Republican presidential nominee Mitt Romney points to President Barack Obama during the first presidential debate at the University of Denver, Wednesday, Oct. 3, 2012, in Denver. (AP Photo/Eric Gay)

It was not Romney versus Obama in the first presidential debate of 2012.

It was Romney versus Romney. And one of them prevailed.

A restrained Barack Obama, who went into the debate with a solid lead in the polls, and an even more solid lead in the battleground states, often seemed to be more of a spectator than a participant.

Obama’s reluctance handed Romney an opening that the Republican took.

Indeed, Romney took it to every side of every issue.

Mitt Romney was for government, but not for “trickle-down government.”

Mitt Romney was for cracking down on Wall Street, except when he was against the Dodd-Frank banking reforms.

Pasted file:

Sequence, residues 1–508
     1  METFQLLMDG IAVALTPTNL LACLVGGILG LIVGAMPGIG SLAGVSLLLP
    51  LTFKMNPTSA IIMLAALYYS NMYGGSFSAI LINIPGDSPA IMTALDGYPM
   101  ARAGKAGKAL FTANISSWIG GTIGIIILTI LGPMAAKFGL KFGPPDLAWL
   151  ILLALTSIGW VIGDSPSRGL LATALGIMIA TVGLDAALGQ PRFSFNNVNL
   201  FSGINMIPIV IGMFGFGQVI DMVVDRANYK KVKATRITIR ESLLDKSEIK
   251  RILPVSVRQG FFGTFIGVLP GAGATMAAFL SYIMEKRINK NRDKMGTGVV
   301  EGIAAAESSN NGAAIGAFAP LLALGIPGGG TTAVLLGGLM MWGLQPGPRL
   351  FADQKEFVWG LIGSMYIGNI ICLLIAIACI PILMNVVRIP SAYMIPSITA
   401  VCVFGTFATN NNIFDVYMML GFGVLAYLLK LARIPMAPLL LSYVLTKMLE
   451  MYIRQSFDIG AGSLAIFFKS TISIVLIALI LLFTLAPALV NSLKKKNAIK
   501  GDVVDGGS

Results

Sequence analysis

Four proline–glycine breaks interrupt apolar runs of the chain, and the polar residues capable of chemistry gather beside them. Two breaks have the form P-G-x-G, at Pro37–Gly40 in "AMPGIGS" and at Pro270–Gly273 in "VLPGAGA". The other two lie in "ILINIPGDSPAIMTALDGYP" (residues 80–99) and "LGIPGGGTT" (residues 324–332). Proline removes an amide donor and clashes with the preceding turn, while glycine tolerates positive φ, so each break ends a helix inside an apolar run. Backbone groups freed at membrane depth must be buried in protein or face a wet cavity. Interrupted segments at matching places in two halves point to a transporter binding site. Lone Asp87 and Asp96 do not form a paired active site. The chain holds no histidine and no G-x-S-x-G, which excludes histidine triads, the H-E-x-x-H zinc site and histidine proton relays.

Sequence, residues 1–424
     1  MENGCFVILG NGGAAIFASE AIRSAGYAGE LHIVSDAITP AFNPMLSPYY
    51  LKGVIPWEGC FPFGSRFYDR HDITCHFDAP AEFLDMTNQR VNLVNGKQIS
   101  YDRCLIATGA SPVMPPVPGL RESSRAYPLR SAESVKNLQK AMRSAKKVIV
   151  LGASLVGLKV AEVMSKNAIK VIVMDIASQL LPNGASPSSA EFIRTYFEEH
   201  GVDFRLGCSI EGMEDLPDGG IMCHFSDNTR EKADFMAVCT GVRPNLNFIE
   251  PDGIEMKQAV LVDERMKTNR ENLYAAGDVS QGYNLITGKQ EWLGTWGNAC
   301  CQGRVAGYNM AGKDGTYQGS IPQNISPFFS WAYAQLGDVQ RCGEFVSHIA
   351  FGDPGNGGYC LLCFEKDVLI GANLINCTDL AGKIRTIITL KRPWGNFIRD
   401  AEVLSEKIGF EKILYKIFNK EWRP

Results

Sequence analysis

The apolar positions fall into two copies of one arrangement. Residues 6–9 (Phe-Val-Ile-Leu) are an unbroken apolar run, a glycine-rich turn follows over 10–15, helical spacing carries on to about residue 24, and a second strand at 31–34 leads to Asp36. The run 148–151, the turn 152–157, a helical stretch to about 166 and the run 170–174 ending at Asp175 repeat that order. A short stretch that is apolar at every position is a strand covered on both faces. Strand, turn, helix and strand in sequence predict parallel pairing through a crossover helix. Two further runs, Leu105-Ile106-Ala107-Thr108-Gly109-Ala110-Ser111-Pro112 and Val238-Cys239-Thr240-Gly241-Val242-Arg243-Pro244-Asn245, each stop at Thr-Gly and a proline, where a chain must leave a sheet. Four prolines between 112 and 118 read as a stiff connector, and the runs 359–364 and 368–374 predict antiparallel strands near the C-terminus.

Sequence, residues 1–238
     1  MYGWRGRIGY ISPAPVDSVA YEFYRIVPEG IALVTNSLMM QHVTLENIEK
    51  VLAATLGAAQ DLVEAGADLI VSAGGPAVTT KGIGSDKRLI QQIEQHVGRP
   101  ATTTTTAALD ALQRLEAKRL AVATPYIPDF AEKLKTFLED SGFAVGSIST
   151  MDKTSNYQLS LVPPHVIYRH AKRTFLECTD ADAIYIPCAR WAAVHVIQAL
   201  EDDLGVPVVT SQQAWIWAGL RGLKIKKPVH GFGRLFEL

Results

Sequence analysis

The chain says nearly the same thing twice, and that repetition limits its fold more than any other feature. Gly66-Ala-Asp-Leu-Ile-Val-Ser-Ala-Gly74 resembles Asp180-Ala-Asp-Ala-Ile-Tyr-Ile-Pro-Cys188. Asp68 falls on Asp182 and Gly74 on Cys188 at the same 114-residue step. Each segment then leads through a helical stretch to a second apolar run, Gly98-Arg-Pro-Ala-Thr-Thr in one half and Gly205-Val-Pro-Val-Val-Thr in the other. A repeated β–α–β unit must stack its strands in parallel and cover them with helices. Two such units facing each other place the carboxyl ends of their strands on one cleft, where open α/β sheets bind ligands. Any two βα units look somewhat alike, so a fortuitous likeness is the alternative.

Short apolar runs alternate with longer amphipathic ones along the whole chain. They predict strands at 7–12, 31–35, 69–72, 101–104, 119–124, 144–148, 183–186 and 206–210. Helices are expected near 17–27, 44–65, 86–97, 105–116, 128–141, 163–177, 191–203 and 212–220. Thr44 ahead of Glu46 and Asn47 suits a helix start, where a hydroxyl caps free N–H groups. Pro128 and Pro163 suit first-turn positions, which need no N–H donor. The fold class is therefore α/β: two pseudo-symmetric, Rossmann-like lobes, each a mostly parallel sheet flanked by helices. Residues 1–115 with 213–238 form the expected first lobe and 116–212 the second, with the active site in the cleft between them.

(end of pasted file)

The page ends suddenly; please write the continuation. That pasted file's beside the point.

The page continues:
Mitt Romney was for Romneycare, and against Obamacare.

Mitt Romney was for the 47 percent, and against them.

The liberal, moderate and conservative Republican who has been on all sides of all issues brought his commitment-free brand of politics to the national stage in the first of three presidential debates. Even by Romney standards, it was a dizzying performance.

Poor Jim Lehrer could not keep up. The moderator lost control of the debate at the start, when he let Romney demand more time to answer President Obama’s opening statement than Obama had used to deliver it, and he never got it back. “Excuse me, excuse me,” Lehrer said early on. Eventually, as Romney began dictated when and how Romney would answer questions, Lehrer simply said: “All right. All right.”

This is how it went:

ROMNEY: Jim, the president began this segment, so I think I get the last word.

LEHRER: Well, you’re going to get the first word in the next segment.

ROMNEY: All right. Well, but he gets the first word of that segment. I get the last word I hope. Let me just make this comment…

And so he did.

Debates have come apart at the seams before.

That’s usually when the candidate with greater experience and stature steers things back to the high ground.